Before I get flamed for this read on, this came from a statement out of the PegaWorld BPM event through surveys by Forrester Research. It seems that the main reasons company’s interviewed stated were that the Business Analysts;
- had little to no technical background,
- came from a business major in University with little technical interest,
- couldn’t get their head around process thinking, and are seen as “wannabe” Process Analysts
When digging a little deeper I found something rather interesting. It seems the definition of Business Analyst varies as greatly as Process Analyst and BPM does across sectors and job titles. However if you do a search through the job boards you’ll find the definition of a BA is a generalist kind of person, criteria varies from requirements gathering and management, process mapping, UML, Use Case design, even data modelling. I’ve seen very few adverts that require very little technical knowledge, at some point you’re going to have to face-off to IT and understand what they’re twittering on about. There are two things which spring to mind about this:
- there is a geographical divide in what a BA actually does across countries
- the level of maturity of the organisations that were interviewed in the survey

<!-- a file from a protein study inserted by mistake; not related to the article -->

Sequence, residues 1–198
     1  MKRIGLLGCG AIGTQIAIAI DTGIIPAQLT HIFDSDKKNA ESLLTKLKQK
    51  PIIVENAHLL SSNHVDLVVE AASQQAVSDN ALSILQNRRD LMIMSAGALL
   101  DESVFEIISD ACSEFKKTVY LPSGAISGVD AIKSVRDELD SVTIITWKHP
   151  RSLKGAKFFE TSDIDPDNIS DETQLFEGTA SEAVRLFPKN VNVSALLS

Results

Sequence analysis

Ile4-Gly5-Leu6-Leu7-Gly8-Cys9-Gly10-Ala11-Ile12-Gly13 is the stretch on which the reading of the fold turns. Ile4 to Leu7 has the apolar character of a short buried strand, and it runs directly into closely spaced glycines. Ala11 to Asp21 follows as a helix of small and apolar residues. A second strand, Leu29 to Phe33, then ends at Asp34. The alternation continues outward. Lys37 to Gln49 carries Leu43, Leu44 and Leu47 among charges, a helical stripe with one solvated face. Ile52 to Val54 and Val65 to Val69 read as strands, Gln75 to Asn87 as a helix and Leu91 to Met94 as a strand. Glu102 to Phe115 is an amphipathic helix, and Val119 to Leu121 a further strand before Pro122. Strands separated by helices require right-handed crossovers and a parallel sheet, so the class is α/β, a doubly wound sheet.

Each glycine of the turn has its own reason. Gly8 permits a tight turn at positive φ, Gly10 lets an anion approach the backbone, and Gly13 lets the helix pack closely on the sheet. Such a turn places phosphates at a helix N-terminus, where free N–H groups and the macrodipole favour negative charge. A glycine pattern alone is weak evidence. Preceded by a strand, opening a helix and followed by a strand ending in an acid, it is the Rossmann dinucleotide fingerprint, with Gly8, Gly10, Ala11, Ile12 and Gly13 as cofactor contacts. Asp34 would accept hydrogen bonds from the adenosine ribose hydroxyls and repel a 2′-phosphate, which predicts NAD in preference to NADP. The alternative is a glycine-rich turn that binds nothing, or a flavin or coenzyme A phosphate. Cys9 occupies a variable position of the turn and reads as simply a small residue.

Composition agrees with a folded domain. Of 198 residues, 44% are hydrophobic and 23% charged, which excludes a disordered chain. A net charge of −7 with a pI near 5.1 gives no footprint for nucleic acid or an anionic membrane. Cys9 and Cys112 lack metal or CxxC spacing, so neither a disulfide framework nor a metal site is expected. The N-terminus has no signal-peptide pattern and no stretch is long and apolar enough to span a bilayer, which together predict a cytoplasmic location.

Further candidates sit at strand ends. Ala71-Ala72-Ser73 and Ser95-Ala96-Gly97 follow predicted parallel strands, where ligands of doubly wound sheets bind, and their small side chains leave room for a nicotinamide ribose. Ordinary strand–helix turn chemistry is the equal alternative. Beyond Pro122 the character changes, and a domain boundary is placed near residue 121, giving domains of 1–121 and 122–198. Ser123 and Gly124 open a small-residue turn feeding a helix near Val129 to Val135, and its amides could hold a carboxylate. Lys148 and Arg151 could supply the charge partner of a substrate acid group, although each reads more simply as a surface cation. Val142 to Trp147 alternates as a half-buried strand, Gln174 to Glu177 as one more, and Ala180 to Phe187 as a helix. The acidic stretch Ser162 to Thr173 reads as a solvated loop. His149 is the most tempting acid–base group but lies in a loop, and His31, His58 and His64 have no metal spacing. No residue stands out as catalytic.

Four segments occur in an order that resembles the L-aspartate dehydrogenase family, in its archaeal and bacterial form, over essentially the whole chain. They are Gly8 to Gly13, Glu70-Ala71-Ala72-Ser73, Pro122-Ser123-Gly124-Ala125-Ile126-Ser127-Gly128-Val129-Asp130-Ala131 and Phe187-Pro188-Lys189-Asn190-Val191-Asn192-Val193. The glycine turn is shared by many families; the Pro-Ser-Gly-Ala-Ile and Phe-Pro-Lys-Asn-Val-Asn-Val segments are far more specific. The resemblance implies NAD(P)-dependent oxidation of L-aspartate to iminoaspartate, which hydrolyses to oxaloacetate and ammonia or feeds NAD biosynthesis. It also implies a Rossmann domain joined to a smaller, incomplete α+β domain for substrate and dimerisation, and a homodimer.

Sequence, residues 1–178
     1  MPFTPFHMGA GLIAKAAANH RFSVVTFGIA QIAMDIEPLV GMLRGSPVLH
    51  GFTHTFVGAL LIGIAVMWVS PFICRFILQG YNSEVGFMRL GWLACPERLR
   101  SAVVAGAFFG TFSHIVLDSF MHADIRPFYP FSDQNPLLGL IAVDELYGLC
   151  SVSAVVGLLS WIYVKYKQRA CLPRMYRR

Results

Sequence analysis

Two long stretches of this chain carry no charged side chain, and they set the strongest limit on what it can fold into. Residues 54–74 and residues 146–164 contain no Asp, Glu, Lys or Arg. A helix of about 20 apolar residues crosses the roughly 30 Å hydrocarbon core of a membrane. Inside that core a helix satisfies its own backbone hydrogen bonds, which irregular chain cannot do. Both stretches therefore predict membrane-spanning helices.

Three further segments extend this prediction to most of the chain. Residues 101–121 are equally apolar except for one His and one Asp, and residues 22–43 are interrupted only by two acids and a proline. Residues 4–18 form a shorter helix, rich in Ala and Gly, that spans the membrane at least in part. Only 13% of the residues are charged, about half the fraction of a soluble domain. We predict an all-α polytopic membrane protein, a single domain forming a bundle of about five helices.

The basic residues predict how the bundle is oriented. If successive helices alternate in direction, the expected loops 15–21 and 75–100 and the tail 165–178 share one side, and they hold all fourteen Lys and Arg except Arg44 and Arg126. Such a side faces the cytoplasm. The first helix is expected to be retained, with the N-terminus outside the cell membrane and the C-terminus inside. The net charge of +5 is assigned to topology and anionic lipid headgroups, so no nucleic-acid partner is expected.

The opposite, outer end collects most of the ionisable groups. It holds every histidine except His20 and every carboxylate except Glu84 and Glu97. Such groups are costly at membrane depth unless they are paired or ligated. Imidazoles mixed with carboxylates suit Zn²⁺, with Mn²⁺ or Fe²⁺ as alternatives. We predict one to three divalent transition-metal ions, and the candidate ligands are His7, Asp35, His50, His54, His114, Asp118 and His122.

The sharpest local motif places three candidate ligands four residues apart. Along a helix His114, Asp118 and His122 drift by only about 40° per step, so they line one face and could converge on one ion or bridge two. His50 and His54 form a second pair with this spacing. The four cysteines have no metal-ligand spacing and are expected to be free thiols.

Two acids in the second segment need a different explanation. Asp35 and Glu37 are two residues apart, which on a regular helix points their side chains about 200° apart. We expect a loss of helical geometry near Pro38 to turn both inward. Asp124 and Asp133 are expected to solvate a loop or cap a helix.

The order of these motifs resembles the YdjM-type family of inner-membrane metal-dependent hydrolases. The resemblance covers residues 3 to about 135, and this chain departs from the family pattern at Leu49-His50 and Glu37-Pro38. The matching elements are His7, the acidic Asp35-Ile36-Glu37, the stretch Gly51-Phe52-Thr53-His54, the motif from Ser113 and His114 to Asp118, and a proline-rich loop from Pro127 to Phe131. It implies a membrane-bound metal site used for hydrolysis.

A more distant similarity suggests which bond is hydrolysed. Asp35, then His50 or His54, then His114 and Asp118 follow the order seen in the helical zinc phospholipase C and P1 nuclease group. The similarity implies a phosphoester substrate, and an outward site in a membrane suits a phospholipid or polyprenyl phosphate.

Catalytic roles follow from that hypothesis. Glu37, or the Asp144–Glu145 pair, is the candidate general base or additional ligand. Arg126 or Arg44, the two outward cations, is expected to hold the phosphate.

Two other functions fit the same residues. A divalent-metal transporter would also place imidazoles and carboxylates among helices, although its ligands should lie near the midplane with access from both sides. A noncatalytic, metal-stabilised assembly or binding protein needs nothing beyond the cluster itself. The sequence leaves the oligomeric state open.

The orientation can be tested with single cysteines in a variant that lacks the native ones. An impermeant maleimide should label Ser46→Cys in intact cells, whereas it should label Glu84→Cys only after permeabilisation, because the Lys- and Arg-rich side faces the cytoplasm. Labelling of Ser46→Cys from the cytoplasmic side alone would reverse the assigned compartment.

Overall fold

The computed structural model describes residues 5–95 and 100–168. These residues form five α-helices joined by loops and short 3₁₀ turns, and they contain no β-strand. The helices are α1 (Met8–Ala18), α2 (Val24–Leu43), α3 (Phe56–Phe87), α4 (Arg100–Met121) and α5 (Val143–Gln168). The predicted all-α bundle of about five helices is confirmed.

And is this the fault of the BA ? – No. If an organisation doesn’t know how to apply it’s resources properly then you can’t blame the person in the role if they’re unaware of what their role really should entail. There’s enough information on the web about it, many associations like the IIBA willing to help. Ignorance is no excuse here.
Traditional BAs that I’ve met fulfil hybrid roles, someone who can sit comfortably between the business and IT ranks and translate both languages, which encompasses requirements gathering and process mapping…..
Hang on, did I say mapping ? Or Modelling ? Because it seems there’s a bit of confusion over these terms here too. A Process Analyst where I come from doesn’t necessary sit in a BA function and has no interest in requirements gathering, so is firmly a business related discipline. To my mind Six Sigmatites are not interested in setting up of the automation of processes with a BPMS and yet the definition of a Process Analyst according to the messages I heard coming from PegaWorld were exactly the opposite; that a Process Analyst should be someone capable of modelling and creating automated workflows with a BPM tool and have a technical background.
So, now we’re back to how role definitions segregate responsibilities and skills unnecessarily and that, in reality, definition seems to be an inherent problem no matter what market you’re in.
Plus the BPM sector is now hell bent on pushing the “Business Technologist” title into the mix and talk of “blended roles”…something which actually describes what a real BA would do….sit in the middle of both business and IT and walk the walk in both.